"A Plateful of Our Dead" as written by and Moe Carlson Arif Mirabdolbaghi....
Don't ever ask us to define our morals
Sometimes when fundamentals meet teenage heartbreak
Some of us are all of us; half-selves that love whole hopes
And hara-kiri heartbreak

There's almost nothing worse than never being real
Strained voices crying wolf when nobody can hear
If I had a gun I'd pump your ethics full of lead
If I believed in meat I'd eat a plateful of our dead

There's merit in construction when it's done with your own hands
There's beauty in destruction, resurrection, another chance
There's a you and I in union but just an I in my beliefs
There's a crashing plane with a banner that reads everyone's na?ve

The only proof that I have that we shot and killed this horse
Is the sounds of whips on flesh and a bleeding heart remorse
When I'm In this state of reflection and you hand me whips
And two by fours I could never bring them down and beat the same horse as before

I'd rather kill a stupid flower and spread its seeds
Until a garden with our bullet-laden morals will be found


Lyrics submitted by guitarhero, edited by Mathos22

"A Plateful of Our Dead" as written by Lucas Hoskin Arif Mirabodlbaghi

Lyrics © Sony/ATV Music Publishing LLC, BMG RIGHTS MANAGEMENT US, LLC

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A Plateful of Our Dead song meanings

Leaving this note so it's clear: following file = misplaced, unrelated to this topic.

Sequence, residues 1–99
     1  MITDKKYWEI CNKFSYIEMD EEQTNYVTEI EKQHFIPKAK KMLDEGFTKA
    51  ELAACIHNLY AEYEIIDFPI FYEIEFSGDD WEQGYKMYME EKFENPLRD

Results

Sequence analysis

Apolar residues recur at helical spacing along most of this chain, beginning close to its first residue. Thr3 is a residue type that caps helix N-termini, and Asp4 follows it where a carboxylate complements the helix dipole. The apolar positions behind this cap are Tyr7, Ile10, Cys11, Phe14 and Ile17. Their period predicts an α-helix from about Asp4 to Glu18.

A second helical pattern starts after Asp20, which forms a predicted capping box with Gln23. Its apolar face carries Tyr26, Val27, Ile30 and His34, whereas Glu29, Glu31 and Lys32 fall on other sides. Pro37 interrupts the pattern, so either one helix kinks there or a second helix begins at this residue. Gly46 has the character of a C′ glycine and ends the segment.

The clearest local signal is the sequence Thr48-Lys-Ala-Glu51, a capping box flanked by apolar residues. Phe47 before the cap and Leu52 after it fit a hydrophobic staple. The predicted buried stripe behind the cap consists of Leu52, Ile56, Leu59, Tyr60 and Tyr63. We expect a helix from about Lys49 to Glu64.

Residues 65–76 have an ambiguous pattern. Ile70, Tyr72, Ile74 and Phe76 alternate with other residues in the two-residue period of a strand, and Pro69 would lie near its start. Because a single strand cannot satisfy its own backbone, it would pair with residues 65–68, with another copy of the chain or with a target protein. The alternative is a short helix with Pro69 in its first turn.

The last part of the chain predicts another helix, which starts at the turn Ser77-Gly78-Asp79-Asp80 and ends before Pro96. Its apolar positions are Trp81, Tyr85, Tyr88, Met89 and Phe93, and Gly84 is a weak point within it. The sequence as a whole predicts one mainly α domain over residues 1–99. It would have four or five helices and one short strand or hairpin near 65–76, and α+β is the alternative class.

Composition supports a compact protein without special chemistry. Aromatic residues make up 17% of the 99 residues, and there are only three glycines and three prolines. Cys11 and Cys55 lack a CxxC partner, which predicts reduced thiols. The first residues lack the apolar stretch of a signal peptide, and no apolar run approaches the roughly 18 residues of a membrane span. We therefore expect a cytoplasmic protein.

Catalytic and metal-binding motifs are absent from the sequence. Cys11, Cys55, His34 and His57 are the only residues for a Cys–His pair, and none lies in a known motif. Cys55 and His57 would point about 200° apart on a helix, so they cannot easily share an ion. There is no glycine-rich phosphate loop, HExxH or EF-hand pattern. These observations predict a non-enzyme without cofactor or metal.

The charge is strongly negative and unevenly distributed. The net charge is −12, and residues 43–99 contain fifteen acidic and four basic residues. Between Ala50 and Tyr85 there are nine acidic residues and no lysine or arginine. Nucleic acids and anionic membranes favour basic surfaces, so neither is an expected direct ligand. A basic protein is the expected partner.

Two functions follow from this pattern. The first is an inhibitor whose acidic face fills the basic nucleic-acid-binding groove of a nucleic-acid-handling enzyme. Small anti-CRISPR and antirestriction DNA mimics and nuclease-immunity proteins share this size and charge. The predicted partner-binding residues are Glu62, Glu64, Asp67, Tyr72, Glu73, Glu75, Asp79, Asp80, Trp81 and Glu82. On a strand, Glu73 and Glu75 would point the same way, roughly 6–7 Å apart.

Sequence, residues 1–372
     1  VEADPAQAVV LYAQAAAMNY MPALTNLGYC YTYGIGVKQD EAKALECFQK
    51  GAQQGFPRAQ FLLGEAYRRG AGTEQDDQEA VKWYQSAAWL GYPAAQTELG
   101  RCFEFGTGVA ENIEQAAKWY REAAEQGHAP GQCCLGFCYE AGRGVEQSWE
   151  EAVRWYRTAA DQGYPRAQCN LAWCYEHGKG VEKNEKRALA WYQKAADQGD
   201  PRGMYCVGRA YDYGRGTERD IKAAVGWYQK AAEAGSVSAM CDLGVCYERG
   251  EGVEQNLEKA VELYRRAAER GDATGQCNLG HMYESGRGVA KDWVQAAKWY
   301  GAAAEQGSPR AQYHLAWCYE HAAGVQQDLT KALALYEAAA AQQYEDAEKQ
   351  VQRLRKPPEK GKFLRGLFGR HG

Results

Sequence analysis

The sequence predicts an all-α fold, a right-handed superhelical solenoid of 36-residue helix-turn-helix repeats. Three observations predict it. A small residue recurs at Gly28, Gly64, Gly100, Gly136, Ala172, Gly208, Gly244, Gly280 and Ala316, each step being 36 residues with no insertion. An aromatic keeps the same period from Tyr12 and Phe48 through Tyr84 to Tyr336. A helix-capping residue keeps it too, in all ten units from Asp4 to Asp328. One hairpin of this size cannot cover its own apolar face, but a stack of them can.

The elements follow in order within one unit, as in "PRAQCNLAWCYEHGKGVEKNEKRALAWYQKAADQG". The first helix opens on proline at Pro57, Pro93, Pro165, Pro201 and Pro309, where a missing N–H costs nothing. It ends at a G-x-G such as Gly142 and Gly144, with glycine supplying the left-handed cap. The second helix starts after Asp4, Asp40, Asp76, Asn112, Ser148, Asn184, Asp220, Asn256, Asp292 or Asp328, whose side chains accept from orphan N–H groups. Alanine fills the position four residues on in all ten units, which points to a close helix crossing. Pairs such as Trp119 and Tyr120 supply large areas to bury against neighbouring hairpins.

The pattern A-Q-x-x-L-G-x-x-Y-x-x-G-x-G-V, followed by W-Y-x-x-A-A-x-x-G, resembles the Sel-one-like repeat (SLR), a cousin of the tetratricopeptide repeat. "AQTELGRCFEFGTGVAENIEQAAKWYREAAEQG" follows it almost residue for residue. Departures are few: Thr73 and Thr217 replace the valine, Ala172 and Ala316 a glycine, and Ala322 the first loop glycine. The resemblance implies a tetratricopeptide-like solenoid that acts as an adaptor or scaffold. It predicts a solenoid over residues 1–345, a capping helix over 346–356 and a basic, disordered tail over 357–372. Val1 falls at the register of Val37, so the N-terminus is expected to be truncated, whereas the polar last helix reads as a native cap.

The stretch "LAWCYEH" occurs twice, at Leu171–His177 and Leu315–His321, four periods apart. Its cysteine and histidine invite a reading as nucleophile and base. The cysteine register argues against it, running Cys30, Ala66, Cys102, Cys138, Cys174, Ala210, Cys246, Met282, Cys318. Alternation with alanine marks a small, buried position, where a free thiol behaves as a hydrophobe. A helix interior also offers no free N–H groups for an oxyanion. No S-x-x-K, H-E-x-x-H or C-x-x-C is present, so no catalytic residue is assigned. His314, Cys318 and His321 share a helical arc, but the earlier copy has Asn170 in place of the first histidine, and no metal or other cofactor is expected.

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  • +4
    My InterpretationAs we all already know, Kezia is a concept album about a prison priest, a prison guard, and finally Kezia, a woman who is to be executed.

    The first three songs are the prison priest's side of the story. No Stars Over Bethlehem tell of the prison priest doubting his profession as a priest in a society where God is "dead" (or does not exist...reminds me of America). Heretics & Killers tell of the priest doubting his own religion by temptation (since he was first dining with "heathens", or possibly Kezia, it may be assumed that Kezia is the source of the priest's temptation). Then, Divinity Within tells of the prison priest witnessing Kezia going down to be executed, when finally the priest is reminded by his faith by Kezia (perhaps the fact that Kezia's execution could seem as Christ's crucifixion). Even still, the priest may be interpreted as a strong hypocrite when he remains a priest even though he doubts his profession and religion, then does not even care to go against Kezia's execution.

    The next set of three are of the prison guard's point of view. Bury the Hatchet is simple enough: it basically says that he does not originally care about Kezia's execution, because of his job as a prison guard. However, in Nautical, we find that the remorse begins to tick in when it comes to Kezia, due to her nature (the same nature that led to the prison priest being reminded of his faith). Nautical also implies that Kezia has been first imprisoned due to a "fashion trend", quite possibly standing up for her morals...something she believes in. Morals can quite easily be related to as a "fashion trend." It may be possible that she stood up for her religious beliefs, and has been imprisoned for it (this somehow seems like it takes place in a third-world or communist country). The prison guard reaches full regret in the next song, Blindfolds Aside. The sin that he "didn't care for" is, of course, execution. Quite a sin indeed, but nessecary for his support of his family. And this profession as a prison guard has blindfolded him (metaphorically). He questions if he should remove this blindfold, drop the gun, and save Kezia from execution. But in the end, I believe it can be understood that his obligation outshined his reason, and she was indeed executed.